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By Pat Rose
On Saturday, Oct. 21, 24th Street will bring in the harvest--the second annual Noe Valley Harvest Festival, that is--with live bands, dog and kids costume contests, a hayride, and dozens of booths selling handmade crafts and holiday gifts.
The combination street fair and neighborhood bazaar, sponsored by a bevy of groups including the Friends of Noe Valley and the Noe Valley Merchants and Professionals Association, promises even more fun than last year, when 5,000 people thronged 24th Street between Church and Sanchez streets.
"We've got some really incredible artists and craftspeople this year," says Forbeadin' owner Donna Davis, who is helping to organize the event. "There will be 76 booths of neighborhood painters, photographers, jewelry makers, and craftspeople selling silk, belts, candles, baby clothes, and even cookies, nuts, and chocolates."
The fair, which runs from 10 a.m. to 5 p.m., will be bustling with activities for families and kids, including a "Punkin Patch" and pumpkin-decorating contest, a treasure hunt, apple bobbing, and Noe Valley's Grand Prix: the Stroller Obstacle Course (using stuffed toys, not real babies!). Jugglers, a caricature artist, and other street performers will stroll through the crowd.
The Sterling Bank & Trust Main Stage at 24th and Church streets will feature four bands performing throughout the day. A group of all-stars from the San Francisco School of the Arts kicks off the music from 10:30 to 11:30 a.m. Then the popular local band Playdate performs rock and pop from 12:15 to 1:15 p.m. The funk band Groovus plays from 2 to 3:15 p.m., and the Nitecaps will end the day with soulful blues from 4 to 5 p.m. In between sets, neighborhood kids and pets will be invited to parade across the stage in the festival's animal and human costume contests. (Kids who want to participate should check in at the Main Stage.)
This year, by popular demand, the Saturday-morning Farmers' Market in the Noe Valley Ministry parking lot at 24th and Vicksburg will be open all day. But come early for the best produce.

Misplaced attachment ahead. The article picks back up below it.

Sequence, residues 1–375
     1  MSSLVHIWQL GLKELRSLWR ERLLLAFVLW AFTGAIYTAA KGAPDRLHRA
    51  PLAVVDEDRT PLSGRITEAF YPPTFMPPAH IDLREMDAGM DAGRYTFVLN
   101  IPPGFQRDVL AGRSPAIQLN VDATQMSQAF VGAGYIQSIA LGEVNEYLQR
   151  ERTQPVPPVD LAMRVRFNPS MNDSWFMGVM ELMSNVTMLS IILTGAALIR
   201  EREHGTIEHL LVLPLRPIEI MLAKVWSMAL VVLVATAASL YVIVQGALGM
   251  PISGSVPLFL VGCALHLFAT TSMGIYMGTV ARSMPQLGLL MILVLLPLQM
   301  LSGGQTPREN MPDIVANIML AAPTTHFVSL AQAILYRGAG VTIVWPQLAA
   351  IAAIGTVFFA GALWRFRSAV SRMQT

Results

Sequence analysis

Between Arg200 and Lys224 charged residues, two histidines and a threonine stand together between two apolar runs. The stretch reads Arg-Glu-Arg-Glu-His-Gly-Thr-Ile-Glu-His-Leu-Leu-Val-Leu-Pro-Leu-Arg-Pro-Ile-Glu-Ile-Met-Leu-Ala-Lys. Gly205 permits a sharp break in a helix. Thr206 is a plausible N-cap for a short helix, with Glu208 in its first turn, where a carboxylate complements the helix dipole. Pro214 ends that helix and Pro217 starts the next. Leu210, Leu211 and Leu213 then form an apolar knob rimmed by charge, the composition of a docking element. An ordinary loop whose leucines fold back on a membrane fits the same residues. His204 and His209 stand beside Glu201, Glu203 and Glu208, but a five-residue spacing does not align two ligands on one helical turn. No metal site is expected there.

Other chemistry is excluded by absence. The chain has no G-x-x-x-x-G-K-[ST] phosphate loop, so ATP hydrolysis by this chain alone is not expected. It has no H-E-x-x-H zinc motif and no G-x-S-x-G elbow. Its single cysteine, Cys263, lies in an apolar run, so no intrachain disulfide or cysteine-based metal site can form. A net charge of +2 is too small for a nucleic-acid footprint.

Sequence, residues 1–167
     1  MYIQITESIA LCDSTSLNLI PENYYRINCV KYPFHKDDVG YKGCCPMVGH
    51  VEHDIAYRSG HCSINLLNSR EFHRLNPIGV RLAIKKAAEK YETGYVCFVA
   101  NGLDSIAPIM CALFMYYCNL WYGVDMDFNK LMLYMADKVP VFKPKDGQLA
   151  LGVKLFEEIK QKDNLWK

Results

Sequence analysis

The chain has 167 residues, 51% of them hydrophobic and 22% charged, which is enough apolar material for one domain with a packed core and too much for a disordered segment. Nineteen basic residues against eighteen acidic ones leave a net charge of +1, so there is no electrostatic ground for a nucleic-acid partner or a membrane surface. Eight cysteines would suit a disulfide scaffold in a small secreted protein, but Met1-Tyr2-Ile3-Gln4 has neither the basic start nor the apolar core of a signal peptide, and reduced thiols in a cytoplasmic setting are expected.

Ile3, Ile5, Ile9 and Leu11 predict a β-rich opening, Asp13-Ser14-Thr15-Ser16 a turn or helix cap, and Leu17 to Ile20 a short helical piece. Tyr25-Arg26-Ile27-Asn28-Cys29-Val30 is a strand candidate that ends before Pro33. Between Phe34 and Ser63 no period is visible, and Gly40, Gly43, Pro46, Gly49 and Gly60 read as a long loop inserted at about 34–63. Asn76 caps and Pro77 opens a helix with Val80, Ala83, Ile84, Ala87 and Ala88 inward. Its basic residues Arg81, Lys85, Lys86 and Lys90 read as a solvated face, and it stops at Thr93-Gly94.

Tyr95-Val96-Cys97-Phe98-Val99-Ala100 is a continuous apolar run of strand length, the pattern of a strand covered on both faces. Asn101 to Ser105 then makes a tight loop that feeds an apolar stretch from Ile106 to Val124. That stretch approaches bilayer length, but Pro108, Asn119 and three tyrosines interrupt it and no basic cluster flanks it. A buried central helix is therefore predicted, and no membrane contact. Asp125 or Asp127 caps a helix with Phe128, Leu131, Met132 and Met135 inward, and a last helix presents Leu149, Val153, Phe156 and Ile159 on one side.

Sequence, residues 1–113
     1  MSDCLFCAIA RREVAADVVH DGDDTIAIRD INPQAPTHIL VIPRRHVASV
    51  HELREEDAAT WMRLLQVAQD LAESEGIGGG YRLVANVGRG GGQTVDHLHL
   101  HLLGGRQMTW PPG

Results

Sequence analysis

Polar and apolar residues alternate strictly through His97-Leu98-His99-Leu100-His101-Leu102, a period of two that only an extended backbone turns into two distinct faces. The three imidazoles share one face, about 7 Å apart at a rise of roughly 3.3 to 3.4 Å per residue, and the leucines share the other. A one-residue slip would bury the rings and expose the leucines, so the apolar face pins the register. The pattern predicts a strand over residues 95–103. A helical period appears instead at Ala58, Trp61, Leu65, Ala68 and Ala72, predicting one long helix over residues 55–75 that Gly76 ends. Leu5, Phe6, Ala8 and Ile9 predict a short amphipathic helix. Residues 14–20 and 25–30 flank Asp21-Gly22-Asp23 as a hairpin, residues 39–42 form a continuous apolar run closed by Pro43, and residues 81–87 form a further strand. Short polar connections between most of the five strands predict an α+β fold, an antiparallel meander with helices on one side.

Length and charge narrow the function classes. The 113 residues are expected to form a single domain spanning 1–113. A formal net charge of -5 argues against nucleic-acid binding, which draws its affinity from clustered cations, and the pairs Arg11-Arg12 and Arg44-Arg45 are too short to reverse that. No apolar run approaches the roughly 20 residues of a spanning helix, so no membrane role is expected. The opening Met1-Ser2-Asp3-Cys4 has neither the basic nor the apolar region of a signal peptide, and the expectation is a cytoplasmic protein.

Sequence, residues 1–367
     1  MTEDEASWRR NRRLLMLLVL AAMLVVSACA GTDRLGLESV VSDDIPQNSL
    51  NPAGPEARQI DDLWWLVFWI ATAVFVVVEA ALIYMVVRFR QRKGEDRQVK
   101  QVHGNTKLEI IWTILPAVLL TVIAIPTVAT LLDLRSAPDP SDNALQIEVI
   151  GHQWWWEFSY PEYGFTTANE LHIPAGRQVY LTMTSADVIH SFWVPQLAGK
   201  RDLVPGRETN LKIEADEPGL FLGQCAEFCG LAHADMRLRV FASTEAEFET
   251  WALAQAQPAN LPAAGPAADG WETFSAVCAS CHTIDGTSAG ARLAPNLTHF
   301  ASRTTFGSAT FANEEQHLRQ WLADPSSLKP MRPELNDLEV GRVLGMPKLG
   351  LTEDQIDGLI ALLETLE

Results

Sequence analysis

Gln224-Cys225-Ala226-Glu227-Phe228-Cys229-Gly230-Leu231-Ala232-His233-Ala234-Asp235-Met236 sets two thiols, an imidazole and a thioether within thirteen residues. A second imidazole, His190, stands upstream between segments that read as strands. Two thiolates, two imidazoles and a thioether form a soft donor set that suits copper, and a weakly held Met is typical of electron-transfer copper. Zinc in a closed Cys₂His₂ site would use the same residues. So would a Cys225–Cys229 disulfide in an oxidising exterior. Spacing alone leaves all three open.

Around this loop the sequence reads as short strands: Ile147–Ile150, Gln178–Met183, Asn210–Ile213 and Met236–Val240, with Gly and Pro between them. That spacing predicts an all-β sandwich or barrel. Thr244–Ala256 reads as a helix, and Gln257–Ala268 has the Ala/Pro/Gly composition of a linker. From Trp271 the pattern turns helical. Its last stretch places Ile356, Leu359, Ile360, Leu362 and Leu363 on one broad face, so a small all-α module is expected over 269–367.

Also, the Merchants Association will saddle up the horses for its annual hayride in and around "Downtown Noe Valley." Fairgoers can hitch a ride in front of Walgreen's on Castro Street. The dray wagon will loop around 24th and Jersey streets from 11 a.m. to 2 p.m.
"The Harvest Festival is a homegrown affair," says co-organizer Richard May. "It's totally nonprofit and all-volunteer." May says 25 local businesses and residents contributed more than half the fair's $25,000 budget. "Any proceeds after bills are paid will go to our Community Benefits District to continue beautification of 24th Street."
In addition to Sterling Bank and the Friends of Noe Valley, major sponsors of this year's festival include B.J. Droubi & Co. Realty, Hill & Co. Real Estate, Walgreen's, and Zephyr Real Estate. Other big donors were Artery, Betty Taisch of Coldwell Banker, Real Management Co., Bank of America, Café Ponte, Edward Jones Investments, Eye Level Optometry, Isa's Salon & Spa, Kathy White & Sonia Gomez of Barbagelata Realtors, Small Frys children's store, Aesthetic Dentistry of Noe Valley, BATS Improv, Cover to Cover, the Noe Valley Salon, Noe Valley Video, Noreen & Shawn Maloney, Peekabootique, Starbucks, and the Tax Managers.
The gift shop Ladybug Ladybug is blowing up lots of balloons for the kids. And if you still haven't made your Halloween costume, Liz TerboLizard of Lit'l Lizards & Walkershaw on Castro Street says she'll be "setting up a glittery selection of Halloween costumes for the festival, including tutus, capes, mermaid fins, and wings. And we'll be signing up kids for sewing lessons."
To find out more or to volunteer the day of the fair, e-mail festival chair Norine Traci-Maloney at firstname.lastname@example.org. Those with cars can park all day for $10 at James Lick Middle School at Noe and 25th streets. The money will go toward the school's international travel program.